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Weather History: January 6: Record temps, storms, snow, ice, wind & tropics

Meteorological events that happened on January 6th:


A major snowstorm finally came to a close across the Mid-Atlantic States into southern New England. 18 inches of snow fell at Philadelphia, PA, 14 inches at New York City, NY and 12 inches at Washington, D.C.


Thoreau’s “long and snowy winter” continued with the season’s deepest snowfall. 18 inches fell at Providence, RI and 12 inches of snow fell at Boston, MA.


Seattle, WA experienced its greatest snowstorm in history. Up to 4 feet of snow fell, destroying buildings and bringing transportation to a halt.


The temperature dipped to -1° at Atlanta, GA. It marked the final day of a severe arctic outbreak in the South and Midwest. Other record low temperatures for the date included: Fargo, ND: -33°, Bismarck, ND: -32°, Peoria, IL: -21°, Moline, IL: -20°, Columbus, OH: -20°, Indianapolis, IN: -20°, Knoxville, TN: -16°, Chicago, IL: -14°, Louisville, KY: -14°, Toledo, OH: -14°, Springfield, IL: -12°, St. Louis, MO: -11°, Nashville, TN: -10°, Lansing, MI: -10°-Tied, Cleveland, OH: -9°, Cincinnati, OH: -6°, Detroit, MI: -3°, Memphis, TN: -2°, Boston, MA: 0°, Washington, D.C.: 2°, Charlotte, NC: 5°, Little Rock, AR: 6°, Wilmington, NC: 9°, Norfolk, VA: 10°, Pensacola, FL: 16°, Savannah, GA: 18°, Jacksonville, FL: 21° and Brownsville, TX: 25°.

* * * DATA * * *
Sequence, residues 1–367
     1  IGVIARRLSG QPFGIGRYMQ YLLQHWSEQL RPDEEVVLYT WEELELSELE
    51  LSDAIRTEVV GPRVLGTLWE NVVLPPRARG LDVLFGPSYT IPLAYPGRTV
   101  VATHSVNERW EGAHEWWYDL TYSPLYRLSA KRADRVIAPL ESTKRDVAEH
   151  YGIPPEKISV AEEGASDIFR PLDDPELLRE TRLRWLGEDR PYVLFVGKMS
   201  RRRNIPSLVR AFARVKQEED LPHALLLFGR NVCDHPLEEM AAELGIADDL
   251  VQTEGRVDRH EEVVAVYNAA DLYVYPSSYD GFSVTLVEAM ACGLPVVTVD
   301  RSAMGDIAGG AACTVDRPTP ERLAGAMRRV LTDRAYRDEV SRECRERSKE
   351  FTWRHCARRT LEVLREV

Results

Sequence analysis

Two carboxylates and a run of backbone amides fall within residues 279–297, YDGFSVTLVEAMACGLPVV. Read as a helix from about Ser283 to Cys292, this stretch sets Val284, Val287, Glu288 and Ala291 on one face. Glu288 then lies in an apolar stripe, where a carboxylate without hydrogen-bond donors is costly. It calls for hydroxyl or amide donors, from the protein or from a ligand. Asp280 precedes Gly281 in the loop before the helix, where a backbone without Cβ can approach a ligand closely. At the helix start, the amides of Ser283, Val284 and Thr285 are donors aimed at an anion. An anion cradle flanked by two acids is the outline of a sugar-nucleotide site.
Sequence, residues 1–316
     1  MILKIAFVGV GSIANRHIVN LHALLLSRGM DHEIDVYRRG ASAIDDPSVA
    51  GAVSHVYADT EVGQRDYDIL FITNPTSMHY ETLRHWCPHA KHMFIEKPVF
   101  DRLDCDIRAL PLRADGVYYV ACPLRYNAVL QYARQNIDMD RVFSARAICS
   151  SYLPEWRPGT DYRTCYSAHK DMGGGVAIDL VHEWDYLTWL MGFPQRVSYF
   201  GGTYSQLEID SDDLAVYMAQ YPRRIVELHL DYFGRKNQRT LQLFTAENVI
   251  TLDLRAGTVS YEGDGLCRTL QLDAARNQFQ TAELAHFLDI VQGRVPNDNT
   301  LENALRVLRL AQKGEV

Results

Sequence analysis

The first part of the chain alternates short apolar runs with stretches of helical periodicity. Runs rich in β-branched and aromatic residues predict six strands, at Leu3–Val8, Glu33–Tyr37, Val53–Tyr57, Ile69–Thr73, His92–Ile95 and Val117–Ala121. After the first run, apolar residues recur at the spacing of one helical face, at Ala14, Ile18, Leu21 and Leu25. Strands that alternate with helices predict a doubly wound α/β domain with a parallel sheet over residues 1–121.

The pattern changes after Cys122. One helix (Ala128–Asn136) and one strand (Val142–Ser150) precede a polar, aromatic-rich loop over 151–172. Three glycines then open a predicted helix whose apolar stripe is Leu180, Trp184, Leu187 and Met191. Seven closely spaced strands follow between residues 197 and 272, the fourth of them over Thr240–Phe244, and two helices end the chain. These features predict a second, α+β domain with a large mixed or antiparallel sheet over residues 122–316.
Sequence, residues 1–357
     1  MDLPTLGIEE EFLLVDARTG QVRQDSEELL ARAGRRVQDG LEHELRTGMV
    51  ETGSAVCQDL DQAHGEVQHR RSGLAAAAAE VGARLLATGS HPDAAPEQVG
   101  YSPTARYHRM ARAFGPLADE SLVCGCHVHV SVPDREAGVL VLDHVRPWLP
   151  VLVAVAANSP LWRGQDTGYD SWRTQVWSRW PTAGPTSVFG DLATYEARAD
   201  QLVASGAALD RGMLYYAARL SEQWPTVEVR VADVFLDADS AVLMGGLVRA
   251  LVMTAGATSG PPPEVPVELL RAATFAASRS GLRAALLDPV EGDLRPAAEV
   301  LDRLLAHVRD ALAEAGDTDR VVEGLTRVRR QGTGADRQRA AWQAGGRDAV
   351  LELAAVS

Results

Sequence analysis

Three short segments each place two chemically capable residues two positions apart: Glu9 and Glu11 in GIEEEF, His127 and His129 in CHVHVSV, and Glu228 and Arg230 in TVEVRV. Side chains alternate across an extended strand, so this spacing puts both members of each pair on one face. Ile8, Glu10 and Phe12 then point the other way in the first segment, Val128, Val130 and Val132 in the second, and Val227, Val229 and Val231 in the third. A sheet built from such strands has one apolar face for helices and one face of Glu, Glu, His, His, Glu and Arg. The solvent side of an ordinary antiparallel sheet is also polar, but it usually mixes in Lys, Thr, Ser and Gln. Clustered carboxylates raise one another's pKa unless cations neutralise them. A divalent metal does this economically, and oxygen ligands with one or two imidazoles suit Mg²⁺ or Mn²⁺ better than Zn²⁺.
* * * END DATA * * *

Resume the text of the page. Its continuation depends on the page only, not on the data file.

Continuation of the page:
The “Great Blizzard of 1886” struck the Midwest without warning. High winds, subzero temperatures and heavy snowfall caused as many as 100 deaths and 80% of the cattle in the state of Kansas.


A tornado destroyed five homes at Winter Garden, FL. A woman was killed when her home turned completely upside down and fell on her. Five people were injured.


The coldest weather on record gripped San Diego County on this day and on the 7th. In San Diego, the morning low temperature on this day was a record low 28° and the high temperature was an all-time record low maximum of 45°. A killing freeze occurred all over San Diego County and many crops and fruit were lost. Water pipes were frozen, trolley lines were disrupted and fishing nets were made unusable. There was ice skating in a San Diego fountain on ice three quarters of an inch thick. Fresno, CA dropped to an all-time low of 17°. Locations reporting daily record lows for the date included: Cheyenne, WY: -26°, Colorado Springs, CO: -26° (broke previous record by 16 degrees), Lander, WY: -24°, Pueblo, CO: -18°, El Paso, TX: 11°, Bakersfield, CA: 16°, Phoenix, AZ: 17°, Austin, TX: 18°, Winslow, AZ: 24° and Downtown, Los Angeles, CA: 30°.


A major snowstorm hit parts of the Midwest. Officially Chicago, IL recorded 14.4 inches of snow with 1.44 inches of liquid equivalent. This established a new daily precipitation record. This contributed to January 1918 as having the greatest monthly snowfall with a total of 42.5 inches, nearly four times their monthly average. This storm gave Rockford, IL on of their largest snow amounts ever recorded. A record 16.3 inches blanketed the town, their greatest single storm total. This contributed to their snowiest January on record with 36.1 inches just 0.2 inches shy of an entire normal winter season.


A severe northwesterly gale pushed a strong storm surge down the coast of the North Sea. Combining with a high tide in the Thames estuary, the surge caused severe flooding in the London area, leaving thousands homeless.